It should be a colossal success story for television. A new generation of high-definition DVDs hold more than five times the data of conventional DVDs, offering crisper images, richer colors and room left over for features such as movie-related games. Last year sales of hi-def discs amounted to only 10 million, compared with 900 million conventional DVDs. What's been standing in the way of a potentially huge market, the conventional wisdom holds, is the format war between Blu-ray, backed by Sony and other firms, and Toshiba's HD DVD.
Now that Warner Bros., a studio that has invested in both formats, has said it will abandon HD DVD by June, will sales take off? Not necessarily. Amid the speculation on whether the death of HD DVDs will be slow or swift, a third scenario has begun to seem likely: that the entire market for high-definition discs will wither as consumers download movies instead. In the bitter five-year struggle over formats, the technology for downloading movies has accelerated, and now a number of firms are poised to make discs irrelevant. "This is something the industry should have thought about a lot before we got into this mess," says analyst Craig Mathias at Fairpoint Group, a market-research firm in Ashville, Massachusetts. "The assumption we're making," says Mathias, is that packaged media "is doomed."
Movie downloads have already begun to edge out DVDs—sales fell 4.5 percent last year in the United States and 11 percent in France, according to SEVN, an industry organization in Paris. Whereas high-definition discs generally sell for more than $20, Apple recently began selling high-definition movie rentals for less than $5; Amazon, Netflix and Movielink, a Blockbuster company, sell standard-definition download rentals for even less. (Rented movies erase themselves, usually after 30 days.) Downloads purchased at Movielink can be burned directly onto a blank DVD. Steve Swasey, VP of corporate communications at Netflix, believes downloads will overtake hardcopies "in several years." Netflix now offers more than 6,000 titles for downloading.
Hi-def DVDs may not offer a worthwhile improvement in quality. Whereas the DVD experience was a real leap up from the grainy and muted colors of VHS cassettes, the better quality of hi-def DVDs is hard to appreciate on the screens of small laptops and iPhones.
For the moment, downloading high-definition films is too slow for most consumers. But broadband development "has been going great guns," says Bruce Nazarian, VP of the Las Vegas-based DVD Association, a grouping of film and electronics companies. One fifth of households in the United States and Western Europe enjoy broadband, with annual growth of more than 20 percent in the United States and about 28 percent in Western Europe. The day will soon be here, Nazarian says, when even high-definition discs will be "eclipsed" by downloads.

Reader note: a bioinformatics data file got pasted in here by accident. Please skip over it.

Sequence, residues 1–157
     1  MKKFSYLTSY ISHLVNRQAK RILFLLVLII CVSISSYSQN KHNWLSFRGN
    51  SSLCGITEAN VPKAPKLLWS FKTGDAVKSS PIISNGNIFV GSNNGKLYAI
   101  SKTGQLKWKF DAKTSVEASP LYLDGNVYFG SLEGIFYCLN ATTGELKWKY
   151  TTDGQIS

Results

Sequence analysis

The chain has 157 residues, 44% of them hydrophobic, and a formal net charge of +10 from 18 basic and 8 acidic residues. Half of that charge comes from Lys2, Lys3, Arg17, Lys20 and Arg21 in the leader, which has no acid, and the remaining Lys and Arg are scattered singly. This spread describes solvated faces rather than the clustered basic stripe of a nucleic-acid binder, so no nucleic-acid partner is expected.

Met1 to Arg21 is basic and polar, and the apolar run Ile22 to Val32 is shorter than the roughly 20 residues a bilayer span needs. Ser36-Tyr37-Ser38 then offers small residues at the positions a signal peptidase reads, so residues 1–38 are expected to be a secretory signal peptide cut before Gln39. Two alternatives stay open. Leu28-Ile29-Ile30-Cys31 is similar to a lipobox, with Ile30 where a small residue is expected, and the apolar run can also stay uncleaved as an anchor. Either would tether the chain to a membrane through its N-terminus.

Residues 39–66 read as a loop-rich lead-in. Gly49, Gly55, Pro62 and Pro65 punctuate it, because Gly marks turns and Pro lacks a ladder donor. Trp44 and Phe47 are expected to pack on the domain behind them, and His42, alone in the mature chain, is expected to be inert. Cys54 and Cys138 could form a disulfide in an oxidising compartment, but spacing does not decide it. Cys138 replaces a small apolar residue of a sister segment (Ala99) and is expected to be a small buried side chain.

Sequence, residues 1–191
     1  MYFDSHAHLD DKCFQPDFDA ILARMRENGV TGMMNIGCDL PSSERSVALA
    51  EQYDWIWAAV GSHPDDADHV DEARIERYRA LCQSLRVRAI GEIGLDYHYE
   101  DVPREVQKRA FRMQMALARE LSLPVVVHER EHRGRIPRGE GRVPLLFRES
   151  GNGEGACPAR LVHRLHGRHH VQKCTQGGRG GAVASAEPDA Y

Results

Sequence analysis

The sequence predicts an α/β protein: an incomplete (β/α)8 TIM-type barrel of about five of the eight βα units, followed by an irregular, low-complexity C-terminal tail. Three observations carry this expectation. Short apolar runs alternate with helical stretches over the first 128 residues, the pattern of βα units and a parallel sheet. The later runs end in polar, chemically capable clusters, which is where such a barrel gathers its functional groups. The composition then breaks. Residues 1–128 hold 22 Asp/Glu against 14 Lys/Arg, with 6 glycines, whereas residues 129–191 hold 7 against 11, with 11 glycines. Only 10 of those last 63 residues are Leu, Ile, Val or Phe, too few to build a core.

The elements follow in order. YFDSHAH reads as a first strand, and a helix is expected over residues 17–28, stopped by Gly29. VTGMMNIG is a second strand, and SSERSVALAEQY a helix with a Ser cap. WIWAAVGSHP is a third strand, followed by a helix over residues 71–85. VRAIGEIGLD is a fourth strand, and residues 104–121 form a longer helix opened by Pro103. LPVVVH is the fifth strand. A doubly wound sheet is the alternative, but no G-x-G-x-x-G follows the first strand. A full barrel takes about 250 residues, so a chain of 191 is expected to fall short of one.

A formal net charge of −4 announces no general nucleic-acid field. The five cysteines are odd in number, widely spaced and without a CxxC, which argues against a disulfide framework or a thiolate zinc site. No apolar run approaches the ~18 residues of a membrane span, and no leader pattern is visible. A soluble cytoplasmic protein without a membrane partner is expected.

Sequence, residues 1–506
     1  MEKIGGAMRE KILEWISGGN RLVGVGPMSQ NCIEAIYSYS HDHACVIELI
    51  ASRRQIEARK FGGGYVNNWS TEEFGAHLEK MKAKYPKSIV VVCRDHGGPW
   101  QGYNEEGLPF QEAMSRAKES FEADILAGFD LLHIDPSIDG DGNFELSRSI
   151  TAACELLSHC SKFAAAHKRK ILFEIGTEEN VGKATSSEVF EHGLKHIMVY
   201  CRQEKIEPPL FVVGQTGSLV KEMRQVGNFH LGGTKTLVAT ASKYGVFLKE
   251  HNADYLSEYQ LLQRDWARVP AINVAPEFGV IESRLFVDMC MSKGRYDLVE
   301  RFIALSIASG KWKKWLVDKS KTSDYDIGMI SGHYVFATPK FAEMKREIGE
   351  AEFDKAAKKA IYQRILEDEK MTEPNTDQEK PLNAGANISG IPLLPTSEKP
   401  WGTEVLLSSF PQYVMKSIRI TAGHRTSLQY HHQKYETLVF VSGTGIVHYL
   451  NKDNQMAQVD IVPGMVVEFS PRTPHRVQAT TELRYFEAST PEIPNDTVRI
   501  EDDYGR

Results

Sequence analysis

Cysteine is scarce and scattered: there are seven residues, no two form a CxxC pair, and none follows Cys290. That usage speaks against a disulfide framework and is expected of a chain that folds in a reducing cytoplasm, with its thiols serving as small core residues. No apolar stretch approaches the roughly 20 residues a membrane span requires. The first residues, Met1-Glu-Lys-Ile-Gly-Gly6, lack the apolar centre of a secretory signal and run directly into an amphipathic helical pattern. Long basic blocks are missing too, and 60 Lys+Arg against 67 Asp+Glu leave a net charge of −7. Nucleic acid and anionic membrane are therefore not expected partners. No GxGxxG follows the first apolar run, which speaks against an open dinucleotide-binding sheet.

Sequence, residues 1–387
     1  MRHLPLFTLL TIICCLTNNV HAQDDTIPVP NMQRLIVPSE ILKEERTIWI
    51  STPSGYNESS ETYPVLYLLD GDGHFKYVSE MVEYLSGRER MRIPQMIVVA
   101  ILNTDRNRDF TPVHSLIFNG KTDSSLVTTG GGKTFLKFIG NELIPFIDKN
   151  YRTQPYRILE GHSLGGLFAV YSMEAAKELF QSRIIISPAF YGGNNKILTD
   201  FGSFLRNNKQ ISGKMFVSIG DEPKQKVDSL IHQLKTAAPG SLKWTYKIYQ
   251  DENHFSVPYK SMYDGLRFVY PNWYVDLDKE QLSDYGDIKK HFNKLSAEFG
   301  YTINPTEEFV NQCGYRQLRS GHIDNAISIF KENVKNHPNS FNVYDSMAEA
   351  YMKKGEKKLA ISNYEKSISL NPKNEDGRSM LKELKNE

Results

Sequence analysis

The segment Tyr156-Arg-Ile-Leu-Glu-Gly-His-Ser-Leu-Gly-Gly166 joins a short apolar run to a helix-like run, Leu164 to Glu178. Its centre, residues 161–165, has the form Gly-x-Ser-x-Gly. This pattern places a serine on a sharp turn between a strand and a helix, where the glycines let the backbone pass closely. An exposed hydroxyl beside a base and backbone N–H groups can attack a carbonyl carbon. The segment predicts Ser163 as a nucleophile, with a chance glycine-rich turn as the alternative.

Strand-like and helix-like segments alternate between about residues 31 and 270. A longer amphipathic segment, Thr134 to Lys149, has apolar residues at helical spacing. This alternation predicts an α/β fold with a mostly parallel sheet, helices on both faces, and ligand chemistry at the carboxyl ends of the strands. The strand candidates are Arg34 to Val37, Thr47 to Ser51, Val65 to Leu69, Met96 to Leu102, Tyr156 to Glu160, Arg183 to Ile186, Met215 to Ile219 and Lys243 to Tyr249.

An aborted market for high-definition discs would be a bitter pill for many companies. The large consortium of firms that developed Blu-ray technology will lose licensing fees to companies who would otherwise manufacture Blu-ray players, computers, game consoles and discs, says Frank Simonis, a spokesman for Philips, a Dutch consumer-electronics giant that owns a significant share of Blu-ray intellectual property. Toshiba invested north of $1 billion in HD DVD, according to several industry sources, including a $150 million sweetener paid to Paramount in exchange for an 18-month commitment to distribute movies only for HD DVD. After Warner's bombshell, Toshiba, Paramount and Universal Pictures declared they would continue to promote HD DVD. That decision, says James Steynor, head of Datarius, a Reutte, Austria, maker of manufacturing equipment for both formats, is not a reflection of sound business sense, but rather "pride or ego," or, more cynically, an attempt to facilitate selling off remaining stocks of HD DVD players and discs.
Film studios also stand to miss out if the market for high-definition discs fails to materialize. Many film buffs already own the DVD back titles they want and limit purchases to new releases (American households now own, on average, 85 DVDs). The movie industry has counted on convincing consumers to replace their DVD libraries with high-definition discs. That's why the hi-def DVD "is so critically important to our industry," says Bob Chapek, head of Disney's Buena Vista Entertainment. "In the beginning of format [change] people gobble up everything."
Downloads have already dashed similar hopes in the music industry. In 2000, two new, incompatible recorded-music formats, Super Audio CD and DVD-Audio, vied to become the successor of CDs. While the electronics companies duked it out, listeners downloaded music to iPods and PCs. That's a lesson the movie industry apparently failed to learn. Blu-ray may have won the battle against HD DVD, but it looks like both camps lost the war.